Cytokines of the beta-common (βc) family, namely granulocyte-macrophage colony stimulating factor (GM-CSF), interleukin (IL)-3 and IL-5, are regulators of normal and malignant haematopoiesis and have recently been shown to act outside the haematopoietic system. These βc cytokines activate several signalling pathways, which ultimately help in cell proliferation and differentiation by binding to a signalling unit consisting of a cytokine specific α-subunit and a β-subunit that is shared by all three cytokines, hence the name beta-common . The βc subunit exists as an intertwined homodimer on the cell surface and the prevailing paradigm is that the cytokine and α-subunit first form a binary complex, which then associates with the βc dimer to form a hexameric ternary complex. Certain signalling pathways may require the self-assembly of two hexamers to form a dodecameric complex [2, 3].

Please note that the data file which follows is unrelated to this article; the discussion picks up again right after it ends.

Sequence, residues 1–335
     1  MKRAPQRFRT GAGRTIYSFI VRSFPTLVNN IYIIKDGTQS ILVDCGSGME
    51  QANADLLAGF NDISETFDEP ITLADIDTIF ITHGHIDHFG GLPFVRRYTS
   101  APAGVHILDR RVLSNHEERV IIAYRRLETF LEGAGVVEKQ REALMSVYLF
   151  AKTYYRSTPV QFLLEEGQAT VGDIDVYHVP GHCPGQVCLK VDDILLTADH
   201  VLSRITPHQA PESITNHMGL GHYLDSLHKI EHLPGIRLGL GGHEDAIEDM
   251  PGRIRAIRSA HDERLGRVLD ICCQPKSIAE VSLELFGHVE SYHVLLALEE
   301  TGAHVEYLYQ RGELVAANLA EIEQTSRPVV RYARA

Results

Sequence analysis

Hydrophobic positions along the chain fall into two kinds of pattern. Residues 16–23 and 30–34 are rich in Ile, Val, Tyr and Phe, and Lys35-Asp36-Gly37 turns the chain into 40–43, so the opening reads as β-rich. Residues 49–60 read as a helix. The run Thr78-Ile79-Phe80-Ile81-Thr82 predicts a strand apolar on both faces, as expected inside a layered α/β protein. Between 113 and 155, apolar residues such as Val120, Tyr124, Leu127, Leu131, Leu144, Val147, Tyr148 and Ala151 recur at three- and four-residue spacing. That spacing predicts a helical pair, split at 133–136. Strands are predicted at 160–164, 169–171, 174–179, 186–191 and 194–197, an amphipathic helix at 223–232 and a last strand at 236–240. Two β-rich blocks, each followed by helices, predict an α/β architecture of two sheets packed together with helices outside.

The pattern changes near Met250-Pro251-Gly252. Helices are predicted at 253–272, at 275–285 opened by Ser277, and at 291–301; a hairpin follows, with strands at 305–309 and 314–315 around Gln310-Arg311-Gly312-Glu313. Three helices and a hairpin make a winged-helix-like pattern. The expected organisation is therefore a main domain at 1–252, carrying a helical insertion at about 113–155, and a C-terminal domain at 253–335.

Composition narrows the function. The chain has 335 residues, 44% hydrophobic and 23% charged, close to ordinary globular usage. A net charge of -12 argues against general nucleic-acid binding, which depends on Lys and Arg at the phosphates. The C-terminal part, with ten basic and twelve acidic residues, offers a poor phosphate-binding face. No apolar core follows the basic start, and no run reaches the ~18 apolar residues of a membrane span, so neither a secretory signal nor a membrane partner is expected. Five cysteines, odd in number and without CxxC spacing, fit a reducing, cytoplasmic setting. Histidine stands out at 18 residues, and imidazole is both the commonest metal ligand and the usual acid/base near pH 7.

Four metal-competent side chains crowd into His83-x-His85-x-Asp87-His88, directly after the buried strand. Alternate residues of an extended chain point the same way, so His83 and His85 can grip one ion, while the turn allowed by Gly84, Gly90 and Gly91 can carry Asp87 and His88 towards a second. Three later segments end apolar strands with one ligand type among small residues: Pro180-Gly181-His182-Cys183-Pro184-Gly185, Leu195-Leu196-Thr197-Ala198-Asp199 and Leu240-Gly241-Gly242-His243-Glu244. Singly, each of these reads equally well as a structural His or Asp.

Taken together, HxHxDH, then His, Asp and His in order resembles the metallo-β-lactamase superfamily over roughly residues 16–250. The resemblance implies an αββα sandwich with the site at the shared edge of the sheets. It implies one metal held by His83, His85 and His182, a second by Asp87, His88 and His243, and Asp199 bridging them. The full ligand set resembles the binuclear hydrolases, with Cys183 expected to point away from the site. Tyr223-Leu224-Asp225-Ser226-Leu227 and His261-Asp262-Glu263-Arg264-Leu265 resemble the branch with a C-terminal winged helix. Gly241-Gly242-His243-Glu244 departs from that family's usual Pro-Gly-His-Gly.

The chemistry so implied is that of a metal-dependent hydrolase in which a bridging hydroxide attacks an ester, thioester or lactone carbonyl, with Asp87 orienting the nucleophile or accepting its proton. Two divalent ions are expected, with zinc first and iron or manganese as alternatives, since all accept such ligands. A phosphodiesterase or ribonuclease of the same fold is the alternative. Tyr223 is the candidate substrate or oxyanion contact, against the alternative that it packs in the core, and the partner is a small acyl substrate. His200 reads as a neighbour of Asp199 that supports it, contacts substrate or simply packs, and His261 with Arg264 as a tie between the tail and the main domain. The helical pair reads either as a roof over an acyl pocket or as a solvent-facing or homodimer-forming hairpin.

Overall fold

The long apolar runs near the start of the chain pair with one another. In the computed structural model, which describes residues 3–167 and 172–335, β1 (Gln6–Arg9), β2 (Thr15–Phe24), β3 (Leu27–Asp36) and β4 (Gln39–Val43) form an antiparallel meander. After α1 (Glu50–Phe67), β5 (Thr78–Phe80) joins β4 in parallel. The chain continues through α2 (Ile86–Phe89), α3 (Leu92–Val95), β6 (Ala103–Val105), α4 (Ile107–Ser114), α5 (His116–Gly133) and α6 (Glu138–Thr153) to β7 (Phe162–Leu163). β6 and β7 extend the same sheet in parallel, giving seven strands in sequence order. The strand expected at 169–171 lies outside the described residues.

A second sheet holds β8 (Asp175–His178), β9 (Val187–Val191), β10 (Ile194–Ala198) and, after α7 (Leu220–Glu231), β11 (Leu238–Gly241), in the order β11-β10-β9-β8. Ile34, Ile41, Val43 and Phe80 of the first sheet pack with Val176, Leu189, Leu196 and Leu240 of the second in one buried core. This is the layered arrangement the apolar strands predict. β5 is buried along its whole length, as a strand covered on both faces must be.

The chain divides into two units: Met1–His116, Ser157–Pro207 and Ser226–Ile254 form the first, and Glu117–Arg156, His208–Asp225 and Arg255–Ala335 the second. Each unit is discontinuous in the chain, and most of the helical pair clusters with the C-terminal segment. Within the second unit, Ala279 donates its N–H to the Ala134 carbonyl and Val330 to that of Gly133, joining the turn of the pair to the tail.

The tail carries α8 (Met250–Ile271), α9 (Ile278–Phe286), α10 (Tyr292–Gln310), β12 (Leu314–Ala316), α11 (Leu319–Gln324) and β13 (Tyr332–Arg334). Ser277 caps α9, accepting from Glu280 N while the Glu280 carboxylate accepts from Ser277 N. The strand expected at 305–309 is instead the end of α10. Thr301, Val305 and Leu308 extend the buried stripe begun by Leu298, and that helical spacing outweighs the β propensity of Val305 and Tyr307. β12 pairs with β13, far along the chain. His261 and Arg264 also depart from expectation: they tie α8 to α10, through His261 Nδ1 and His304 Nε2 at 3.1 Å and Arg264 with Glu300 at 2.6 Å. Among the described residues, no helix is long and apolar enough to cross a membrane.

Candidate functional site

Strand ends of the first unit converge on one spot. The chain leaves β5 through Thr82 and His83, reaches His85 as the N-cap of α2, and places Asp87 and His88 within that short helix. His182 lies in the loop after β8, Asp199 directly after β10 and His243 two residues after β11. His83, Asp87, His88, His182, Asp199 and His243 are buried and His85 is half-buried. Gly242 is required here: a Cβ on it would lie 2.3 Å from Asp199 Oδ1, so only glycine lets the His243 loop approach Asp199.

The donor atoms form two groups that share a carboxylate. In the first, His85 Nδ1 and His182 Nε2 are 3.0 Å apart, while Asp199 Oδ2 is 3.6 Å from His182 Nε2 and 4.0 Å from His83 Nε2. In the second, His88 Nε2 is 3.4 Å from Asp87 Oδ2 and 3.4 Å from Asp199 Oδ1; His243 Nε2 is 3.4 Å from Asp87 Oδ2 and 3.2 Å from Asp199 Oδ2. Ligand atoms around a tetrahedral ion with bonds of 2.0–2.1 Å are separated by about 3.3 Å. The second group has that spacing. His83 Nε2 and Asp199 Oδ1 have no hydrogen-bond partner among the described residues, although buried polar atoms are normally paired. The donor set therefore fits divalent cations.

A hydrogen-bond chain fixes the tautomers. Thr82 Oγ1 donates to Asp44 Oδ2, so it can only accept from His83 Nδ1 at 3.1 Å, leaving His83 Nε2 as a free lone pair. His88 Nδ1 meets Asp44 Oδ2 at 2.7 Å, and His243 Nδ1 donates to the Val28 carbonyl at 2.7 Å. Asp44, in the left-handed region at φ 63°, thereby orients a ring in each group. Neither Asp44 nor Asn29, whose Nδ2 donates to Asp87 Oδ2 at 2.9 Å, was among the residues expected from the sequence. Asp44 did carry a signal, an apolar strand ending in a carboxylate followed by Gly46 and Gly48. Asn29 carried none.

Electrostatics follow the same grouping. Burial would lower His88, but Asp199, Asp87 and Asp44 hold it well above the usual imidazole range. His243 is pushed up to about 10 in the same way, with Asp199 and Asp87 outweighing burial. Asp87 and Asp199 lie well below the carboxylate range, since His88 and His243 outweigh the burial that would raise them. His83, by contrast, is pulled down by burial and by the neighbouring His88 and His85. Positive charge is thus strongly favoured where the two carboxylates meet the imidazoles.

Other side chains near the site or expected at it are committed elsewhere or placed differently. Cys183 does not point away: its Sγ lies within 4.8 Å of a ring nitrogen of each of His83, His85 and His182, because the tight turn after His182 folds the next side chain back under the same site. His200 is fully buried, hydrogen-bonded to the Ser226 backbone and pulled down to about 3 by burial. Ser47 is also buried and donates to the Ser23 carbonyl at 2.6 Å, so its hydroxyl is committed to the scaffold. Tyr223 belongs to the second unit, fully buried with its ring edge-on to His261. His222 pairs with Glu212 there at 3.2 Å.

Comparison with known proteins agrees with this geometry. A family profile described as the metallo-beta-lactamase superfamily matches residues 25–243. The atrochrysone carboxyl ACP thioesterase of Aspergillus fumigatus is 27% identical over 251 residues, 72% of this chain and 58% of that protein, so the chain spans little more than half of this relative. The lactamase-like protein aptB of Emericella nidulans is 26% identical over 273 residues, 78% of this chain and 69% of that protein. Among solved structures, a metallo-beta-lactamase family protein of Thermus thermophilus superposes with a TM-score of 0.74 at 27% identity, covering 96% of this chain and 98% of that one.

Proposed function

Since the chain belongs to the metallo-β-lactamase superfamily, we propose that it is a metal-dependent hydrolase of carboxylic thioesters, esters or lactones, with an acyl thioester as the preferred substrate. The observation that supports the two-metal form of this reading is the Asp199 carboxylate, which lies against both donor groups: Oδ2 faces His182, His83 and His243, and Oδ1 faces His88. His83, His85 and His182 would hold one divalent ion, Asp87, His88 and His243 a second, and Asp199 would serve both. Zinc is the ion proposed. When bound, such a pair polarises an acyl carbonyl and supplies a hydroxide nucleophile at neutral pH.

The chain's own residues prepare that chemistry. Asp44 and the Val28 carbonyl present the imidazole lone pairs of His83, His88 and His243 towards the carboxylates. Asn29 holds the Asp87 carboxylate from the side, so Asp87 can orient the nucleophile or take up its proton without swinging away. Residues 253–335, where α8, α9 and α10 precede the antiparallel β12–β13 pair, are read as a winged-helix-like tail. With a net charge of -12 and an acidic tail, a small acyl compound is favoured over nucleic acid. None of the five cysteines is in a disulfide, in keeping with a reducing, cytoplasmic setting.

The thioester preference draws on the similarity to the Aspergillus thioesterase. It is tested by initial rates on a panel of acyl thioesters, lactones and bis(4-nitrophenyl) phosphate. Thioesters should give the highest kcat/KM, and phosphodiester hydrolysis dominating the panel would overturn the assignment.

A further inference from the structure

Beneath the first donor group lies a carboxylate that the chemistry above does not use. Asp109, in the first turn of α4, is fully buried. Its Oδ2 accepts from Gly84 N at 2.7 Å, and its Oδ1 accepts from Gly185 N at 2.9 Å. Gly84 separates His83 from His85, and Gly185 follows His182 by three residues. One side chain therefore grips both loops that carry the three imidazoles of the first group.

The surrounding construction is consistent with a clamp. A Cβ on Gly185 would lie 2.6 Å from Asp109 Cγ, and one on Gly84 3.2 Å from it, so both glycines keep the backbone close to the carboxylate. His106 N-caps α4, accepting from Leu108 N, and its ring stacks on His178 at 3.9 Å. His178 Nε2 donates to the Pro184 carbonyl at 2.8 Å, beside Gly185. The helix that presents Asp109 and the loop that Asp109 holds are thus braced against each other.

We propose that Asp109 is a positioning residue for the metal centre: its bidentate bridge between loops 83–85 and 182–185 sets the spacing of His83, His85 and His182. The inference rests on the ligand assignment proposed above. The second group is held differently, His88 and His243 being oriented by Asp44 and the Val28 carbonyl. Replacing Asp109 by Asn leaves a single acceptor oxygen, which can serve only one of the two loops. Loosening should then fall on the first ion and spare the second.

Our recent studies on the βc cytokine family suggest surprising alternative scenarios in the receptor assembly pathway, which may be relevant in varying degrees to the assembly pathways of other receptors in the Type I cytokine superfamily. Analytical ultracentrifugation suggests that the cytokine and α-subunit can independently associate with the βc dimer, challenging the prevailing hypothesis about the formation of an initial cytokine:α-subunit binary complex before associating with the βc dimer. We have also observed the various states of assembly in solution using small angle X-ray scattering, analytical ultracentrifugation and transmission electron microscopy. In addition, we have identified an antibody that interferes with higher order complexes formation, a powerful reagent to discriminate between the biological functions of the hexamer versus the dodecamer complexes. This antibody could also form the basis for the development of more potent antibodies that might be useful as therapeutics in diseases such as asthma and some leukaemias, where bc cytokines are frequently involved.